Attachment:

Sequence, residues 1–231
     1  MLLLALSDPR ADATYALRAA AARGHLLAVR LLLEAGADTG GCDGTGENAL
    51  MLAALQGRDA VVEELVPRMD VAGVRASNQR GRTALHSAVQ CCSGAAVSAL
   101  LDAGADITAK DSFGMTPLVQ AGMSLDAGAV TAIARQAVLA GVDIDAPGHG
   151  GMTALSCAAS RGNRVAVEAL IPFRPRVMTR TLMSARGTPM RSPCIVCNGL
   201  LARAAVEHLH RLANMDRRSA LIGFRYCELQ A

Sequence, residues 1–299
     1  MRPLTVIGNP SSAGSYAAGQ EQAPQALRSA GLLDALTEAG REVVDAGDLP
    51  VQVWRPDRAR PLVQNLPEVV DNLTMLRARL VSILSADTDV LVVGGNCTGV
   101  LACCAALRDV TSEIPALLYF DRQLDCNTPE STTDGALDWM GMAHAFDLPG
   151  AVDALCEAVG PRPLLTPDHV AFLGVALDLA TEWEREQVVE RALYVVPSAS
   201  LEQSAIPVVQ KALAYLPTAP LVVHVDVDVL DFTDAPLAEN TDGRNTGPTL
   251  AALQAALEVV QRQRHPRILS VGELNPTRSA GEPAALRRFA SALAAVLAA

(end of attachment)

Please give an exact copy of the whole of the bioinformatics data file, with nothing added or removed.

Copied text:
Sequence, residues 1–231
     1  MLLLALSDPR ADATYALRAA AARGHLLAVR LLLEAGADTG GCDGTGENAL
    51  MLAALQGRDA VVEELVPRMD VAGVRASNQR GRTALHSAVQ CCSGAAVSAL
   101  LDAGADITAK DSFGMTPLVQ AGMSLDAGAV TAIARQAVLA GVDIDAPGHG
   151  GMTALSCAAS RGNRVAVEAL IPFRPRVMTR TLMSARGTPM RSPCIVCNGL
   201  LARAAVEHLH RLANMDRRSA LIGFRYCELQ A

Sequence, residues 1–299
     1  MRPLTVIGNP SSAGSYAAGQ EQAPQALRSA GLLDALTEAG REVVDAGDLP
    51  VQVWRPDRAR PLVQNLPEVV DNLTMLRARL VSILSADTDV LVVGGNCTGV
   101  LACCAALRDV TSEIPALLYF DRQLDCNTPE STTDGALDWM GMAHAFDLPG
   151  AVDALCEAVG PRPLLTPDHV AFLGVALDLA TEWEREQVVE RALYVVPSAS
   201  LEQSAIPVVQ KALAYLPTAP LVVHVDVDVL DFTDAPLAEN TDGRNTGPTL
   251  AALQAALEVV QRQRHPRILS VGELNPTRSA GEPAALRRFA SALAAVLAA